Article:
Federal Gov. and USPS Disability Retirement: Expectations

Expectations are peculiar anticipatory states of being; based upon an accurate assessment of factual considerations, they can comport with a true sense of reality; dependent upon an unrealistic foundation of pure desire and want, it can lead to a devastating loss of trust.  In order to avoid unrealistic expectations, it is necessary to evaluate and assess, as much as possible, facts from past experience, objective present circumstances, and projection of fairly accurate intuitions for the future.

For Federal and Postal workers contemplating filing for Federal Disability Retirement benefits from the U.S. Office of Personnel Management, whether under FERS or CSRS, a realistic expectation as to all aspects and corridors of the benefit itself is necessary in order to survive the entirety of the administrative and bureaucratic ordeal.

From evaluating the strength of one’s medical support, to the ability to convey a persuasive argument and case to an agency which reviews tens of thousands of Federal Disability Retirement cases; from a realistic timeframe of the entire process from start to finish; to financial considerations and future earnings potential and whether one can work in another job or vocation.  All such considerations should be evaluated and discussed.

In the end, however, the Federal employee who is contemplating filing for Federal or Postal Disability Retirement benefits often is confronted with limited choices: to continue working under the same conditions, that is, doing with the same tasks in the same Federal occupation (normally not an option, and that is why Federal Disability Retirement is considered in the first place); to walk away without filing for disability retirement benefits (almost never an option — self-evidently so); or filing for disability retirement benefits (the necessary option, and why it is being considered in the first place).

It is the expectations which often dismay, however, and it is a good idea to keep that animal in a cage of realistic assessments.

Sincerely,

Robert R. McGill, Esquire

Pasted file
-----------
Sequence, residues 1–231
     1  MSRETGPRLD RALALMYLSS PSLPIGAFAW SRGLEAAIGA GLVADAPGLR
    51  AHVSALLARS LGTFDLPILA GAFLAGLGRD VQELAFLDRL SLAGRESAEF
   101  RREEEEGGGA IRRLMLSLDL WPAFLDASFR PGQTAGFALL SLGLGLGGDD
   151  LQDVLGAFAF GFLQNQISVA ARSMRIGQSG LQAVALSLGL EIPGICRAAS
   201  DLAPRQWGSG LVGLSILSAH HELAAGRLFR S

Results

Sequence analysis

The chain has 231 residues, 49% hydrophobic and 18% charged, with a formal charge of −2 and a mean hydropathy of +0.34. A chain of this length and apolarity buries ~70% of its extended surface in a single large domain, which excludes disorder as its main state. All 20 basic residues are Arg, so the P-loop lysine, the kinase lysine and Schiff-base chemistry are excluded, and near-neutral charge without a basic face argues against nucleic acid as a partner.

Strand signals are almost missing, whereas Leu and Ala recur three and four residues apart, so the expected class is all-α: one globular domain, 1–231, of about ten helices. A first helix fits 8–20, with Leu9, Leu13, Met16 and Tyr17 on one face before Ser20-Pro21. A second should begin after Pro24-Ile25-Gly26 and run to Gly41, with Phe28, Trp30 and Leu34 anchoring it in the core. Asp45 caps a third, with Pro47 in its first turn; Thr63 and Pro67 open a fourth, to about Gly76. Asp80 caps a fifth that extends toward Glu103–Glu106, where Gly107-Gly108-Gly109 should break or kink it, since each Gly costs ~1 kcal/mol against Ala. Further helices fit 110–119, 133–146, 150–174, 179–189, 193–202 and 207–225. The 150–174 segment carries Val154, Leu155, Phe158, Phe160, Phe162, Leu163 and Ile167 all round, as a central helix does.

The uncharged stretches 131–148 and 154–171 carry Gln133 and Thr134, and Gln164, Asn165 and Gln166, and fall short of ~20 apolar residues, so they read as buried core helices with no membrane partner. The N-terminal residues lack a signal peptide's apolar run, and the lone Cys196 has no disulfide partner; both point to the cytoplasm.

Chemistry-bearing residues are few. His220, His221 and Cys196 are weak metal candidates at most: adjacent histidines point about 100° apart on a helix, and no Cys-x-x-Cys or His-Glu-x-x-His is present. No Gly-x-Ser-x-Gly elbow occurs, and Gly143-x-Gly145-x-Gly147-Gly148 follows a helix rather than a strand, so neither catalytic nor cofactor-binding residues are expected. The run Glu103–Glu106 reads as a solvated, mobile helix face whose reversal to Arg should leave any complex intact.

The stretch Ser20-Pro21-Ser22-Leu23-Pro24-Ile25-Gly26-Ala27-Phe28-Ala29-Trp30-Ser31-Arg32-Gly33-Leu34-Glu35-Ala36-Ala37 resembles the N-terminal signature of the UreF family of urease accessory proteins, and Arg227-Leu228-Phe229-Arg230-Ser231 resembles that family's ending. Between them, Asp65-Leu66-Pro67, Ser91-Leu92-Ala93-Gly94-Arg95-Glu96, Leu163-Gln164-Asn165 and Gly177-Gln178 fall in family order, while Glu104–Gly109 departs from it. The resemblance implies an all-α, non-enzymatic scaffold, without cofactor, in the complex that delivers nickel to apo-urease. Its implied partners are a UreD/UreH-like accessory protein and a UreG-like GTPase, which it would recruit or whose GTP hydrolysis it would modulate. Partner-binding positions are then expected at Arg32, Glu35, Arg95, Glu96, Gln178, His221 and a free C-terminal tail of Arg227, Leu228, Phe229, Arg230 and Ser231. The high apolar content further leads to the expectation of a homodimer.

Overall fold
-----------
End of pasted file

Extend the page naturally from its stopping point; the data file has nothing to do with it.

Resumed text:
Disability Retirement for Federal Government Employees: Making Explicit the Implicit

Sometimes, it is implicitly clear in the formulation of the Federal Disability Retirement application that the applicant is unable to coherently present one’s case in a Federal Disability Retirement application under FERS or CSRS.  

Whether because of the physical limitations or the cognitive dysfunctions, the brevity of the statement on the Applicant’s Statement of Disability, or the illegible handwriting, etc., may well provide an indication of one’s medical conditions and their impact upon one’s Federal or Postal duties in a particular position.  But to rely upon an implicit revelation, or to expect that a Claims Representative at the Office of Personnel Management may infer the intractable pain which the potential applicant may be experiencing, is to expect that which will likely not happen.  

The paper presentation offered to the Office of Personnel Management must be explicitly stated at every juncture, at every opportunity, at every potentially coordinating point — with succinctness and clarity of delineation, utilizing the language available, inserting the most effective, descriptive adjectives to create a compelling word picture, governed by truth and justified by the medical documentation within the parameters of the law, in order to express that which has previously remained implicit.

To make explicit that which is implicit is the key; to expect the implicit to be recognized by the reviewing individual at the Office of Personnel Management is to expect the impossible.

Sincerely,

Robert R. McGill, Esquire